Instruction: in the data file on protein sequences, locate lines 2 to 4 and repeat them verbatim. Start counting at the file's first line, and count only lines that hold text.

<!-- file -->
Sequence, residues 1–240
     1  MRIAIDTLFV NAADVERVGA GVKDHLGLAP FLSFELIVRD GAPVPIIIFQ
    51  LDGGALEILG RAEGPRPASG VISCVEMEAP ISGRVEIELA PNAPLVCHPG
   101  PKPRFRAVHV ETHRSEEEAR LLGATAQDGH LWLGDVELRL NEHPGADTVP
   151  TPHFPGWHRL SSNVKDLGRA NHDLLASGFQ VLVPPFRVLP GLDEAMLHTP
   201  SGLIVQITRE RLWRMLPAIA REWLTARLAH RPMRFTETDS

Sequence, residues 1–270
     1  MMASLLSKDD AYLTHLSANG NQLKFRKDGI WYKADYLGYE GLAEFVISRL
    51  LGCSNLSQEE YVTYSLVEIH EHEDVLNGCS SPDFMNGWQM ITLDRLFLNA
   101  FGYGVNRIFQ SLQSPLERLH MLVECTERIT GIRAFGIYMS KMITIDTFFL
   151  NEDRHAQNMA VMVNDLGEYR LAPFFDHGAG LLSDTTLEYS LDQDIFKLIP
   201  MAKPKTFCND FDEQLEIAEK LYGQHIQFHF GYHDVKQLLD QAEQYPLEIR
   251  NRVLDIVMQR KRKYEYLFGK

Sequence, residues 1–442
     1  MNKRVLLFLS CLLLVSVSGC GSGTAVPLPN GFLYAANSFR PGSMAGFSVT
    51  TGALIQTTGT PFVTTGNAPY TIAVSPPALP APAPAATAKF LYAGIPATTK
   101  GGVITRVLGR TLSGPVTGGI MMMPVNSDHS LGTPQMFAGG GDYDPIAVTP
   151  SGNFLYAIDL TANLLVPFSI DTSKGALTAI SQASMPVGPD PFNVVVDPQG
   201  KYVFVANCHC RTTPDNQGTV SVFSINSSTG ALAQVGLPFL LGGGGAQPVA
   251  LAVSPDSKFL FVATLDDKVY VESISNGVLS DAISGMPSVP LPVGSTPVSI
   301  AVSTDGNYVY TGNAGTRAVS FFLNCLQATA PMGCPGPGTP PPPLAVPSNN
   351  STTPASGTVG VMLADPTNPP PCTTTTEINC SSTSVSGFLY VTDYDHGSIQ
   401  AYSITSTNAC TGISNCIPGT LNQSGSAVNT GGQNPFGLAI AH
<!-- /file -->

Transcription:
     1  MRIAIDTLFV NAADVERVGA GVKDHLGLAP FLSFELIVRD GAPVPIIIFQ
    51  LDGGALEILG RAEGPRPASG VISCVEMEAP ISGRVEIELA PNAPLVCHPG
   101  PKPRFRAVHV ETHRSEEEAR LLGATAQDGH LWLGDVELRL NEHPGADTVP